We would like to request abstracts for a panel to be presented at the American Anthropological Association (AAA) meetings in New Orleans, November 17-21 2010.
Panel topic: Circulating Psychiatry: Embodied Histories, Diagnoses, and Recoveries
Preliminary Panel Description:
As psychiatry has come to be dominated by advances in psychopharmacology, genetics, and neuroscience, categories, experiences, and representations of psychiatric illnesses are cast increasingly as neural activities occurring within one’s isolated body. In recent years, advocates for the study of patient-environment interactions and the intersections of sociocultural factors in the genesis and experience of psychiatric disorders have expanded their focus to include research on the subjective and phenomenological experiences of patients, the ways these modulate the course and outcome of psychiatric disorders. Despite advances in medical and psychiatric anthropology that dismantle disciplinary boundaries and epistemological barriers to expand our understandings of psychiatric disorders, much of this work remains at the periphery of mainstream psychiatric discourses. The debate must continue about how “culture gets under the skin” via individual and community histories to shape diagnoses, healing and hope for people experiencing mental distress.
This panel aims to move beyond mere critique of current psychiatric discourses and give voice to localized notions of mental distress and healing that circulate through the body of both the community and the individual. We encourage submissions that examine how socio-historical processes generate symptoms that are then locally understood and reinterpreted as diagnoses. How do localized notions and experiences of mental illness circulate through generations and communities? How might sociocultural and biomedical factors intersect to shape the experiences, conceptions, and representations of psychiatric disorders? How might Western psychiatry be disrupting or enhancing that process?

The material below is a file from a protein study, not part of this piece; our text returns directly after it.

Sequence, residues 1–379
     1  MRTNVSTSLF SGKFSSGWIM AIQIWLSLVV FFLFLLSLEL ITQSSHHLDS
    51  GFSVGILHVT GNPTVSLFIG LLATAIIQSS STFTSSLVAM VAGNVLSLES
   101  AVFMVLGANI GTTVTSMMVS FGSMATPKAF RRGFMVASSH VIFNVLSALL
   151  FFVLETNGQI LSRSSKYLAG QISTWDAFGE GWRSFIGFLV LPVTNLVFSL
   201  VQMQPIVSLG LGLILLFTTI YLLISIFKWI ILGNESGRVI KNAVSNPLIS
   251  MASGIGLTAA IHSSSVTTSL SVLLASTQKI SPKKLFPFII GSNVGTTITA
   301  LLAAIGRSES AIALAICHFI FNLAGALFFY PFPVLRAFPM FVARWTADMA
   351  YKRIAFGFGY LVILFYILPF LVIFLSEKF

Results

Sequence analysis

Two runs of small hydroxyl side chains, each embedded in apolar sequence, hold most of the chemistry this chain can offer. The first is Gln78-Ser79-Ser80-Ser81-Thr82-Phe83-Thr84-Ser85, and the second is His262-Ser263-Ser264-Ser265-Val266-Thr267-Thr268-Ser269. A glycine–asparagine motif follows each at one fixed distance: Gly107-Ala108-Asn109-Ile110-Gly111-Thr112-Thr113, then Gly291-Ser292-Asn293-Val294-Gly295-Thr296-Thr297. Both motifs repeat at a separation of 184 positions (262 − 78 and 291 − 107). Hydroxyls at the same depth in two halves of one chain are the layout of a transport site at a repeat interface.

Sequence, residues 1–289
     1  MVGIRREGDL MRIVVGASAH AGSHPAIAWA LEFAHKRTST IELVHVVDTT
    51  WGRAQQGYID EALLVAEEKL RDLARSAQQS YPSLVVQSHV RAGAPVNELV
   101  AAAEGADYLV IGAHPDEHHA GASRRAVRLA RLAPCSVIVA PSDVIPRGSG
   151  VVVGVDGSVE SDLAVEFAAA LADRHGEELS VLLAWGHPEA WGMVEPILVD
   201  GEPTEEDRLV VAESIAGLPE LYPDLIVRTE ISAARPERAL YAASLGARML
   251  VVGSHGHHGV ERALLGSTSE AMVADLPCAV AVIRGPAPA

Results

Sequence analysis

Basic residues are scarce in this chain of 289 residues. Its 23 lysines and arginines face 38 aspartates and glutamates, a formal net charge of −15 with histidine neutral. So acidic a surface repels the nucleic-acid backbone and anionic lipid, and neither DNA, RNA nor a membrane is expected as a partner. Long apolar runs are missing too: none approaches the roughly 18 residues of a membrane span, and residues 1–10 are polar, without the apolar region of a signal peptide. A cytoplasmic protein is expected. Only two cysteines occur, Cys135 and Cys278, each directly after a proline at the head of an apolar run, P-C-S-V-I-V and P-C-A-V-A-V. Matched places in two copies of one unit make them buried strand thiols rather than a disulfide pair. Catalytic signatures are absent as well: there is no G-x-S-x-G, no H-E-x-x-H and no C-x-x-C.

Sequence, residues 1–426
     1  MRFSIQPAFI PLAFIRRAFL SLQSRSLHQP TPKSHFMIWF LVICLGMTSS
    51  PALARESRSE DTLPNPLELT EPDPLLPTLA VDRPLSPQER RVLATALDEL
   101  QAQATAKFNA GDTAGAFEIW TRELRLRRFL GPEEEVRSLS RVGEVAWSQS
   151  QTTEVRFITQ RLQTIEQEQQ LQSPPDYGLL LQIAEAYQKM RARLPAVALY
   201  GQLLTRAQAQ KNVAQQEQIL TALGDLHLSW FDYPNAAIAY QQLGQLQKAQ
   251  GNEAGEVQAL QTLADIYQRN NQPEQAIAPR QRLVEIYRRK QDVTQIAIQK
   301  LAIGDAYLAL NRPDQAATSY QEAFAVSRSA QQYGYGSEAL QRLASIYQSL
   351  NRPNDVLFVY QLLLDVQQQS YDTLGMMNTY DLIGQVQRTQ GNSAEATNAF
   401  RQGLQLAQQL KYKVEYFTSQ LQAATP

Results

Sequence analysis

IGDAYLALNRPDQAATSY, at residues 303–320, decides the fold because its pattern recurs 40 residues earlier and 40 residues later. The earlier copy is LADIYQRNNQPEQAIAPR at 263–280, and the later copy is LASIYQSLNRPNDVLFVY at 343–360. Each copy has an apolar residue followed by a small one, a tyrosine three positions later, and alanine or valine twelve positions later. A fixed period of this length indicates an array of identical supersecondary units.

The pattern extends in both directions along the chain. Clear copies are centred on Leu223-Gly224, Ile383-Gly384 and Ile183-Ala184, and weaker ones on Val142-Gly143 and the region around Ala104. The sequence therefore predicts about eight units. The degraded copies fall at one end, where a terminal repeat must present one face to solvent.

We are also interested in papers that explore the ways in which patients, relatives, and mental health professionals have responded to mental distress at the local level. We want to recognize and give voice to the flow of ideas and practices, healing techniques, and day to day clinical interactions that happen in communities and clinics. For example, abstracts might focus on the ways culturally-endorsed stress reduction techniques are utilized by local communities to prevent psychiatric diagnosis and enhance recovery. These techniques must be better understood both for their potential global utility, as well as their particular localized efficacy. In the move towards global mental health (for example, the World Health Organization’s current programme to export Western notions of psychosocial rehabilitation and pharmacological interventions), these techniques of local healing must be archived.
With these papers, we seek to add our critique and awareness to the sociocultural projects intended to reshape psychiatric knowledge. As knowledge about the mind and its ailments continue to circulate, with all the debates this entails, let us add localized understandings of diagnoses, treatments, and recoveries to the conversation.
Please submit abstracts of no more than 250 words, along with your contact information (name, institutional affiliation, department, and email address) to Johanne Eliacin at email@example.com or Neely Myers at firstname.lastname@example.org by March 22nd.
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